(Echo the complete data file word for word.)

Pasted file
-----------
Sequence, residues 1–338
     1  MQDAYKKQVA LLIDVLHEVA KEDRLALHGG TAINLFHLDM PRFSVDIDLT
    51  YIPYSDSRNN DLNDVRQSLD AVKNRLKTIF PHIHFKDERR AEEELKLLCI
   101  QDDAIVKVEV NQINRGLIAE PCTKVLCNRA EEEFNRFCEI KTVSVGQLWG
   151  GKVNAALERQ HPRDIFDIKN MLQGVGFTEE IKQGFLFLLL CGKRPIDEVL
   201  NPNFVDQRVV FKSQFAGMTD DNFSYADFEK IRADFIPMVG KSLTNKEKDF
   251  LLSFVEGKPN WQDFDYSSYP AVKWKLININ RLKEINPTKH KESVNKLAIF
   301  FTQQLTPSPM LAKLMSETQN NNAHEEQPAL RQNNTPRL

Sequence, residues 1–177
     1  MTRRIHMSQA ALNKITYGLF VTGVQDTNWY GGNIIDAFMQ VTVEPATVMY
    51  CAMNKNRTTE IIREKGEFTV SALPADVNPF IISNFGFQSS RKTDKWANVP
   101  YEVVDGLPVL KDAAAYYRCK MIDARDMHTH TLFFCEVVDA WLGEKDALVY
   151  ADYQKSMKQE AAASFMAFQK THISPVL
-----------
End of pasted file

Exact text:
Sequence, residues 1–338
     1  MQDAYKKQVA LLIDVLHEVA KEDRLALHGG TAINLFHLDM PRFSVDIDLT
    51  YIPYSDSRNN DLNDVRQSLD AVKNRLKTIF PHIHFKDERR AEEELKLLCI
   101  QDDAIVKVEV NQINRGLIAE PCTKVLCNRA EEEFNRFCEI KTVSVGQLWG
   151  GKVNAALERQ HPRDIFDIKN MLQGVGFTEE IKQGFLFLLL CGKRPIDEVL
   201  NPNFVDQRVV FKSQFAGMTD DNFSYADFEK IRADFIPMVG KSLTNKEKDF
   251  LLSFVEGKPN WQDFDYSSYP AVKWKLININ RLKEINPTKH KESVNKLAIF
   301  FTQQLTPSPM LAKLMSETQN NNAHEEQPAL RQNNTPRL

Sequence, residues 1–177
     1  MTRRIHMSQA ALNKITYGLF VTGVQDTNWY GGNIIDAFMQ VTVEPATVMY
    51  CAMNKNRTTE IIREKGEFTV SALPADVNPF IISNFGFQSS RKTDKWANVP
   101  YEVVDGLPVL KDAAAYYRCK MIDARDMHTH TLFFCEVVDA WLGEKDALVY
   151  ADYQKSMKQE AAASFMAFQK THISPVL